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Review: Western Digital My Passport 2TB USB 3.0

by Tarinder Sandhu on 5 July 2012, 09:49 4.0


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The drive

Ever-tumbling prices of solid-state disks (SSDs) make them tasty propositions for users looking to speed up their systems by installing an SSD as a boot drive. The 2.5in form factor of most consumer SSDs also make them eminently suitable for portable-storage purposes, given the innate shockproof nature of drives and general availability of cheap USB 3.0 enclosures. Go down the do-it-yourself route and a decent 128GB SSD can be allied to a USB 3.0 enclosure for under £100.

But there's a well-established market for portable storage that makes use of mechanical hard-drives. These, as you know, provide significantly more capacity-per-pound than even price-ravaged SSDs, meaning a 1 terabyte (TB), 2.5in, USB 3.0-connected model is available for comfortably below £100. Sure, you'll lose some top-end speed, but, for most, that's more than compensated by capacity that's an order of magnitude higher.

Western Digital currently sells five portable hard-drive solutions, of which three have the modern, fast USB 3.0 connection on the front. Capacities of up to 1TB are available in the Passport Essential and Elements Portable lines, but if you really want to go big and max out capacity, the regular Passport range has a 2TB option, currently priced at £170.


While the rest of the Passport range is available in a range of colours, the 2TB-enclosing case follows Henry Ford's thinking; you can only have it in black. The range provides four different capacities: 500GB; 750GB; 1TB; and 2TB. All four share the same chassis length (111mm) and width (82mm) but differ with respect to height (15mm to 21mm), depending on the thickness of the drive inside. The 2TB drive's chassis is well-built and nice to handle, with a dotted top section that provides a little grip. To the left of the micro-USB 3.0 port is a very conspicuous white LED that denotes drive access. Weighing in at 230g and standing 22mm tall, the My Passport 2TB feels reassuringly solid.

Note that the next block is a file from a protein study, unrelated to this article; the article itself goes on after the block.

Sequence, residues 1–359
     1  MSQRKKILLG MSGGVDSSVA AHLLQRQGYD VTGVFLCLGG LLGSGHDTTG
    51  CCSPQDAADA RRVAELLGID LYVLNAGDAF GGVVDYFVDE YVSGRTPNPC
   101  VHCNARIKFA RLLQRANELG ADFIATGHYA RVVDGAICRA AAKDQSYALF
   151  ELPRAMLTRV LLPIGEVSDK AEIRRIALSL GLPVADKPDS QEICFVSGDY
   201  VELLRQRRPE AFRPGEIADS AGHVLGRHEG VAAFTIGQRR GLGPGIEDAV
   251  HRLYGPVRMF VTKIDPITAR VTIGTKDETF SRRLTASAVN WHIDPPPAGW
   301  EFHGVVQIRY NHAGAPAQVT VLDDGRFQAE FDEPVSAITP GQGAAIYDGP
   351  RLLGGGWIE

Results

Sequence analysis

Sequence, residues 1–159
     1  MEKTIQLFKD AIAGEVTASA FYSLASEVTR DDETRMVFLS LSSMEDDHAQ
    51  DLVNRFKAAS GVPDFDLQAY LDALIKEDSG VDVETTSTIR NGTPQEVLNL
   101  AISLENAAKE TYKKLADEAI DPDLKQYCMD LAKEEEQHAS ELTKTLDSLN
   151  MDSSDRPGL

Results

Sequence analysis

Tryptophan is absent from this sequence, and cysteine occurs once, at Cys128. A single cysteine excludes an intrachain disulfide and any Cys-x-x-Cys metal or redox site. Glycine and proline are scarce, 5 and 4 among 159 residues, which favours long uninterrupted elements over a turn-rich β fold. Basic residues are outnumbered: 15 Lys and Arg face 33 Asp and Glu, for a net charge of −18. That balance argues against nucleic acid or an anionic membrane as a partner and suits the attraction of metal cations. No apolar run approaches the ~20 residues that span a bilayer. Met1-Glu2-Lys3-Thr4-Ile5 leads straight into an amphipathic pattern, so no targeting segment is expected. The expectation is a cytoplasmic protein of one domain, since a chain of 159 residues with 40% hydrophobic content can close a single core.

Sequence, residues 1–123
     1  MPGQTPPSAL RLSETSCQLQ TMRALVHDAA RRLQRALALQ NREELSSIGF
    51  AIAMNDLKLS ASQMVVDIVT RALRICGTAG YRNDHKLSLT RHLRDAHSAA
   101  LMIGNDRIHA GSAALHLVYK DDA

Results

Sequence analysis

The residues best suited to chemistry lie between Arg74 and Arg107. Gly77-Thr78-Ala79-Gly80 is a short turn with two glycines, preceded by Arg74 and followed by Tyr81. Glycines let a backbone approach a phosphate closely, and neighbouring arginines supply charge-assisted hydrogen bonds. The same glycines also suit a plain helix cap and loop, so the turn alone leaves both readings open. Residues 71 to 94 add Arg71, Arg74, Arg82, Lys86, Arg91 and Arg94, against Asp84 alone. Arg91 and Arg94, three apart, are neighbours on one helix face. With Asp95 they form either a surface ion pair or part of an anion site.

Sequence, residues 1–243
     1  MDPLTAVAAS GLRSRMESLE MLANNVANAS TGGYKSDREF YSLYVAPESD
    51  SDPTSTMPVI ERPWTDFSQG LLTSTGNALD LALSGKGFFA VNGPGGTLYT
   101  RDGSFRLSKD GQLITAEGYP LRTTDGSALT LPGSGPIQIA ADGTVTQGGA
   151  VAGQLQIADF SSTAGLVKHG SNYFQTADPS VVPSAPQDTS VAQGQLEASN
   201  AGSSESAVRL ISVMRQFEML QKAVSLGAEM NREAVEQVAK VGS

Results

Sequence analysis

The quality of the casing is such that it feels like a one-piece device. However, spend some time teasing out the edges and the thinner top section comes away with a few protestations. Inside, a WD20NMVW is custom-made for this model. Spinning at 5,400rpm and with the USB 3.0 controller and port integrated into the same printed circuit board, it cannot be removed and separately used in a notebook or desktop computer.

Western Digital bundles a 45cm USB 3.0 cable and rudimentary instructions. There's no need for an external power adapter - one of the beauties of 2.5in-based storage - as the cable can pull enough juice from the host PC to fully power the drive, which is rated at a maximum 3.75W.


There's no operational reason to bundle any software with the My Passport; it's very much plug-and-play on modern Windows and Mac operating systems. Adding more value, WD includes a bunch of utilities on the drive itself, which can be loaded on to the host computer, should you so wish.

Three sets of utilities provide diagnostic, security, and backup duties. Choose the SmartWare security option and a virtual CD is installed on the drive itself. Included within this VCD is Drive Unlocker, controlled by an optional password that can be entered on the first setup screen. The VCD hides the contents of the My Passport drive from the operating system, meaning that files can only be unlocked and viewed with the password, so don't forget it; WD cannot help if you do.

For those who simply want security when using the My Passport on other PCs, an auto-unlock feature, which is tied into the regular PC onto which the program is first installed, works well enough. We like this basic layer of security for portable storage.

The host drive's contents can be backed-up on either a file-per-file basis or by general category. Mind, the backup application doesn't do much that a simple drag-and-drop won't.